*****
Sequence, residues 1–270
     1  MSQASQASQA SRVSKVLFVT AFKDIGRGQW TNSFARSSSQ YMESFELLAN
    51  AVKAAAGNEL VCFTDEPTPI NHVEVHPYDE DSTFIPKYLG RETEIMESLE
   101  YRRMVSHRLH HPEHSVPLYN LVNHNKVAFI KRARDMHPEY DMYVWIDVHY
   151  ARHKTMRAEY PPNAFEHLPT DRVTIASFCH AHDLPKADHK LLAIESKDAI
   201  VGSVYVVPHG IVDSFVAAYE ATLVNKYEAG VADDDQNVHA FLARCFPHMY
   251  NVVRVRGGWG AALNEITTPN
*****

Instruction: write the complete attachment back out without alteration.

Sequence, residues 1–270
     1  MSQASQASQA SRVSKVLFVT AFKDIGRGQW TNSFARSSSQ YMESFELLAN
    51  AVKAAAGNEL VCFTDEPTPI NHVEVHPYDE DSTFIPKYLG RETEIMESLE
   101  YRRMVSHRLH HPEHSVPLYN LVNHNKVAFI KRARDMHPEY DMYVWIDVHY
   151  ARHKTMRAEY PPNAFEHLPT DRVTIASFCH AHDLPKADHK LLAIESKDAI
   201  VGSVYVVPHG IVDSFVAAYE ATLVNKYEAG VADDDQNVHA FLARCFPHMY
   251  NVVRVRGGWG AALNEITTPN